I have been thinking that I should have some beer on hand for when people come over to visit. I often have singles of various kinds of beer that I am wanting to try but when people come over I don’t always want to share them. Either because I really want to try it myself or they are a bit off the beaten path and I’m not sure my guests would appreciate them. I don’t want to serve a guest a bottle of relatively expensive beer just to have them not appreciate it. So I’m looking for something basic that a lot of people will enjoy, Yellowhead Premium lager just might be that beer.

I would definitely Drink Again!

Lowenbrau Original

Lowenbrau Original

This was another beer from the bag of beer that my Uncle Jim gave me for Christmas. I have been wanting to try Lowenbrau for quite a while. Lowenbrau Original is a Munich Helles Lager brewed in Munich. I was surprised to find that Lowenbrau is one of many brands owned by Anheuser-Busch InBev, this is a macro produced beer if there ever was one.

This beer poured pale golden in color with a head of foam that dissipated rather quickly. There really wasn’t much going on in this beer. Slightly malty, very little hops. This beer is fairly true to what I understand is the Munich Helles style. Would I drink it again? Sure, if it was put down in front of me. I wouldn’t go looking for it though.

Alley Kat Amber Ale

Back in September I tried this bottle of Alley Kat Amber Ale, I’ve had this post in the chute since then and finally decided to get off my ass and post. Seriously. I know right? It’s not that hard…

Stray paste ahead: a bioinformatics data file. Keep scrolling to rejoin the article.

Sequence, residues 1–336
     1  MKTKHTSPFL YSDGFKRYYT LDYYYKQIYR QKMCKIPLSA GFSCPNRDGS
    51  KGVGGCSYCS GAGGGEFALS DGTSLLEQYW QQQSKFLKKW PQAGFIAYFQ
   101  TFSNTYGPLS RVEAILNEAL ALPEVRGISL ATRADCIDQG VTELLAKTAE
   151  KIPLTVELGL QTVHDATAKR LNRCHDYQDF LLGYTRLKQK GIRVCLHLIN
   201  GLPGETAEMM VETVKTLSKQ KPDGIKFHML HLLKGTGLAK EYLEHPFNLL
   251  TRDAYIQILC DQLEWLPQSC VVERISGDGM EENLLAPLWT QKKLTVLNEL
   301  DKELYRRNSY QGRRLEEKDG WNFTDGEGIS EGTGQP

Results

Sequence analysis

I’m a big fan of Alley Kat. I have to admit that I don’t always like their beer. No, it’s not that, I don’t dislike any of their beer it’s just that I find many of them unremarkable. I love Alley Kat because they are local and they brew decent beer, and the owner is a nice guy.

Pour
Deep mahogany color. Half inch of head which dissipated quickly leaved thin film.

Aroma
Roasted malt and chocolate.

Taste
This one tastes like it smells, nothing hiding here. A touch thin on the mouth feel, watery but not in a bad way. Very little carbonation to speak of. Nice caramel malt taste.
Tiny bit of bittering hops in the finish. A good example of an amber ale. I would drink this again. Especially since it’s locally produced!

Hacker-Pschorr Munich Gold

Hacker-Pschorr Munich Gold
Hacker-Pschorr Munich Gold

This can of Hacker-Pschorr Munich Gold was given to me for Christmas from my Uncle Jim. Good old Uncle Jim! Since Christmas I have bought and drank two more. This light golden lager has a malty, biscuitty, fruity  flavor with a light hop finish. This is a delicious, easy drinking beer, it could very well become my go to beer. I would certainly drink it agin. Right now.

Would you drink it again?